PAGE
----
fields magazine

anonymous asked:

What are some non verbal indications that someone is good with guns (any and all)? Like, how someone holds a gun, their stance, where their holster is, etc.

In most cases it’s easier to know when someone doesn’t know what they’re doing. With that, there are enough that I wouldn’t pretend to be able to create an exhaustive list. The big ones that will send anyone with firearms training up the wall are trigger discipline and barrel control.

Trigger discipline is about keeping your finger off the trigger until you are ready to fire. It’s a really simple thing, and something everyone handling a gun should practice. Hollywood hates it. Or at least, some directors in Hollywood (apparently) think their actors should have their fingers on the trigger at all times, “because it looks more dangerous.” Which, you know, it actually is. Stupidly dangerous.

Most people who know what they’re doing will rest their index finger along the frame over the trigger. This isn’t the only way, some will simply have their finger sticking out at an awkward angle (and a lot of people will do that during reloads).

Barrel control is keeping the firearm pointed in a safe direction at all times. “Safe,” is a bit of a loaded term here, since, if your goal is to use the gun on someone, you’re going to be pointing it at them. Again, this is basic safety. This is a little more involved, because no matter what you do, the gun will be pointed somewhere. The important part is remembering that, and not pointing the gun at someone’s thigh when you’re not using it.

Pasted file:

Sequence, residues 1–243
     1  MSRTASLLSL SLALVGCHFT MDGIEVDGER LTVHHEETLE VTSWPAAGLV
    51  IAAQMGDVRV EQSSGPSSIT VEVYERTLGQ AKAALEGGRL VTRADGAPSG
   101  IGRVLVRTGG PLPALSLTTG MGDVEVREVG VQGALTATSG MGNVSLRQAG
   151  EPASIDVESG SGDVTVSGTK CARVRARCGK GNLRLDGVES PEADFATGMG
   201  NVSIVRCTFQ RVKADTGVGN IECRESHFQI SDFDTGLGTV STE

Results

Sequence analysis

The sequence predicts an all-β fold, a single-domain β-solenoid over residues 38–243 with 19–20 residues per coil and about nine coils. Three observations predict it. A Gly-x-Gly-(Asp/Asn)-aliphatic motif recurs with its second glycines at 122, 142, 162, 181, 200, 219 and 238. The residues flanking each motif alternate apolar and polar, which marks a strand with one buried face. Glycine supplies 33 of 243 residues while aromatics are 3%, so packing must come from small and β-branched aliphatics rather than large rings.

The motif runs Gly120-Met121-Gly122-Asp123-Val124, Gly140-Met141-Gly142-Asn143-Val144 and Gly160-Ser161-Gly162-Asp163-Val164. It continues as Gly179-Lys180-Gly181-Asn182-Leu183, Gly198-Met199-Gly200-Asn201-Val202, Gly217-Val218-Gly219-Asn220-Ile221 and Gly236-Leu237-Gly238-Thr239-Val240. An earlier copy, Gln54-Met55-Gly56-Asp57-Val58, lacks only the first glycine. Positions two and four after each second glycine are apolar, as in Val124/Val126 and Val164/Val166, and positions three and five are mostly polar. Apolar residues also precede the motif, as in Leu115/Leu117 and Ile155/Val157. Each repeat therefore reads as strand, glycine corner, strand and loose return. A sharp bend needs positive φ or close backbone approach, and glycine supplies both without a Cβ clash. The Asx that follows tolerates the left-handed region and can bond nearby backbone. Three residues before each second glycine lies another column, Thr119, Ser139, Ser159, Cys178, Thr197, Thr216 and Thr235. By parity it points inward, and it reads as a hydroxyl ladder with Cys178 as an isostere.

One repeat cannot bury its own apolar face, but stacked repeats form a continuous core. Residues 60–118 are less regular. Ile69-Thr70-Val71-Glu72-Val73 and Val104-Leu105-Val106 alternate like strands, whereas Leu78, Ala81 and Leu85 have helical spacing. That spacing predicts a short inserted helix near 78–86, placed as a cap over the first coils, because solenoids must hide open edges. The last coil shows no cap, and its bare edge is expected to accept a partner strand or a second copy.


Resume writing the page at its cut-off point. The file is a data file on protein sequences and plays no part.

As with trigger discipline, this is an incredibly basic element of gun safety, that a lot of people who don’t know what they’re doing will easily miss.

There are a lot of other potential tells, someone who drops their magazines rather than retaining them, probably doesn’t know what they’re doing. (This is the practice of discarding a partial or empty magazine when reloading, instead of keeping it.) TV and film love presenting people dropping mags, probably because it looks more dramatic, but it is a pretty good sign that someone’s only education came from mass media.

Concealment isn’t cover. This is one of the few that does tend to separate trained shooters from untrained ones. In a shock to no one, bullets pass through objects in their environment. Taking cover means far more than hiding behind a car door or couch.

So, concealment means you cannot see your opponent. Cover means they’re hiding behind something that will take a bullet. Most of the time, just because you can’t see someone, doesn’t mean you can’t shoot them. Someone hides behind a wall in a home or office? Yeah, you can shoot straight through that. Drywall, almost all furniture, most parts of a vehicle, most garage doors… none of that will stop a pistol round. When you start dealing with rifle rounds, even things like exterior walls start getting iffy. Trained shooters will fire through concealment. Amateurs who learned how to shoot from Call of Duty and reruns of old Arnold movies will try to take cover behind a couch.